“He tried to run me over in the parking lot, so my life has been threatened because I was outed because of my ID,” Zapata said. “It definitely puts us in harm’s way.”

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LGBT Resource Center expands gender-affirming clothing closet

LGBT Resource Center expands gender-affirming clothing closet | LGBT Community Centers | Scoop.it
Sunlight streams into the LGBT Resource Center, in its new fifth-floor suite at Bird Library, through several large windows overlooking the Syracuse University campus. The light washes over a rack of dresses, jackets and other fashion pieces in calm blues, deep purples and fiery reds. Another rack filled with empty hangers stands next to the full one, ready to display more gently used items of gender-affirming clothing.

Berri Wilmore, one of the center’s half-dozen student assistants, was struck with the idea for a gender-affirming closet when she realized how many items in her own wardrobe she rarely wore. The freshman communication and rhetorical studies major has since spearheaded the closet’s development, working towards creating a space for queer people exploring their gender expression to feel validated and affirmed.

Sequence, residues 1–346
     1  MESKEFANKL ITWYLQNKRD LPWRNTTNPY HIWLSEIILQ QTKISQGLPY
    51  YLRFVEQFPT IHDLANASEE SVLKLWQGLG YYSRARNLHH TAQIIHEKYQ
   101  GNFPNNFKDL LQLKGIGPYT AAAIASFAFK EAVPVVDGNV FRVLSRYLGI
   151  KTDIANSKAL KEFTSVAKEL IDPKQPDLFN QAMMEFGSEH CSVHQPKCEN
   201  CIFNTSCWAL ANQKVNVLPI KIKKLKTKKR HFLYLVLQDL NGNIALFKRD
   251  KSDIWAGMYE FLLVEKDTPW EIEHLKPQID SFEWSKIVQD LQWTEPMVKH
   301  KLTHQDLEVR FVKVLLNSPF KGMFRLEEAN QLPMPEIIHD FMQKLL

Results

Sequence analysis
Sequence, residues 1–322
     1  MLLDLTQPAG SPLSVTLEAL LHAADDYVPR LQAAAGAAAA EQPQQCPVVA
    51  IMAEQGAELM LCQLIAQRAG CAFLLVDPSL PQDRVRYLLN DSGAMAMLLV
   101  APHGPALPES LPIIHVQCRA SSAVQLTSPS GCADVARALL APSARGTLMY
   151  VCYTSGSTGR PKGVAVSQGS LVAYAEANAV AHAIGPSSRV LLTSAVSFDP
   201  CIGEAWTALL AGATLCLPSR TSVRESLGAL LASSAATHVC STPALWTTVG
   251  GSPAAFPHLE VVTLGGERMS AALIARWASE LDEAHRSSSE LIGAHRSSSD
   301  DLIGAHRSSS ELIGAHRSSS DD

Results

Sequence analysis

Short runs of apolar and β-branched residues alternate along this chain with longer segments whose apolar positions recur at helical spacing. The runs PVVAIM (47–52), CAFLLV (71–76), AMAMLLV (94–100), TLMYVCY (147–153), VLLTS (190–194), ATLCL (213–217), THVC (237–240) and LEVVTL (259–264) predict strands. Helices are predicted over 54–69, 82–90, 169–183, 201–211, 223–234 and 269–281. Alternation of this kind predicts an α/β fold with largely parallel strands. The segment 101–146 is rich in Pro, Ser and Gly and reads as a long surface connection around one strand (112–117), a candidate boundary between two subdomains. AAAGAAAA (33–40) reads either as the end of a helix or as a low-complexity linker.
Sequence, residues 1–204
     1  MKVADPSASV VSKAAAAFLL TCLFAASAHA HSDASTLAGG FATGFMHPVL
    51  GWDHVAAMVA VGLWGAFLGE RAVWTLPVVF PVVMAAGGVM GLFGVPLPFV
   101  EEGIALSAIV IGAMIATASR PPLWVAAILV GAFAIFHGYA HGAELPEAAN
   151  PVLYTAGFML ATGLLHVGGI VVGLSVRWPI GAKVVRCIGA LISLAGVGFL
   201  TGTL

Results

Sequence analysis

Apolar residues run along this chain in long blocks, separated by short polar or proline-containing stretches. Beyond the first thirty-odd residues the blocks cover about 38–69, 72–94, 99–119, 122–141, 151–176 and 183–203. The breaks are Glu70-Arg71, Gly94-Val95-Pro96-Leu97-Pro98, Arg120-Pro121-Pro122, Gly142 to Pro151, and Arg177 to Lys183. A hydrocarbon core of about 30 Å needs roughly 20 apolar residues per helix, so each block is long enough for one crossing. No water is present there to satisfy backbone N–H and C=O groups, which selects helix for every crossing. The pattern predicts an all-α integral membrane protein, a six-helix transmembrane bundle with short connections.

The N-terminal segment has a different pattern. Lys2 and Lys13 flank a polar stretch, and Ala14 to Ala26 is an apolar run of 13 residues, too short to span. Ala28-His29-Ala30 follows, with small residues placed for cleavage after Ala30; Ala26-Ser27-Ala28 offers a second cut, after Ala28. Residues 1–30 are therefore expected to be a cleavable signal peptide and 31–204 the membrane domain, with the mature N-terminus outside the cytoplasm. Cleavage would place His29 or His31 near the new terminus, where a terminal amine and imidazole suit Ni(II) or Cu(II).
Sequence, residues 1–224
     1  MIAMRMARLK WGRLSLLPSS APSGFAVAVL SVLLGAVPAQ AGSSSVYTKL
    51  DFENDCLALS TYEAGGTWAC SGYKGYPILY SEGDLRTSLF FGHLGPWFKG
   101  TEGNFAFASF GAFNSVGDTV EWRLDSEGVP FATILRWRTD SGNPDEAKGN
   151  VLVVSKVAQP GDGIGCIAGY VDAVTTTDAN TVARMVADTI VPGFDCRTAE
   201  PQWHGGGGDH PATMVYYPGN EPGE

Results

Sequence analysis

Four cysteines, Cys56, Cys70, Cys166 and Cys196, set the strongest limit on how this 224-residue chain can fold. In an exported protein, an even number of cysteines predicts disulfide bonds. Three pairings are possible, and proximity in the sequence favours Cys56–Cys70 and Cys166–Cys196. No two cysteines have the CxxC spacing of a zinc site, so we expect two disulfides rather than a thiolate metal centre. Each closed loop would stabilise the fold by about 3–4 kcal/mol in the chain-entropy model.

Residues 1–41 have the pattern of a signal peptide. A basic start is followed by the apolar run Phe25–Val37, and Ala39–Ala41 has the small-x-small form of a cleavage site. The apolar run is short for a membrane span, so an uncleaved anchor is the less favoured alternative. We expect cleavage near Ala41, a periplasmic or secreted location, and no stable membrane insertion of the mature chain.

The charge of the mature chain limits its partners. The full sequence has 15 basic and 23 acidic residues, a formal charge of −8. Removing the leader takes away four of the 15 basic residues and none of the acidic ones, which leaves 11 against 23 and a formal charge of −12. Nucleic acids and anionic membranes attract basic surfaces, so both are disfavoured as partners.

While Wilmore said the closet hasn’t gained much student attention, she’s hoping that’ll change after the center’s clothing swap event. On March 29 from 6-9 p.m., students can come in, look through, try on and take home available clothing. They are encouraged to leave items behind.

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New safe space for LGBT+ youth opens in Louisville | Community | wdrb.com

New safe space for LGBT+ youth opens in Louisville | Community | wdrb.com | LGBT Community Centers | Scoop.it
Mayor Greg Fischer, Councilwoman Barbara Sexton Smith and the group Ignite Louisville cut the ribbon to the newly renovated Louisville Youth Group center.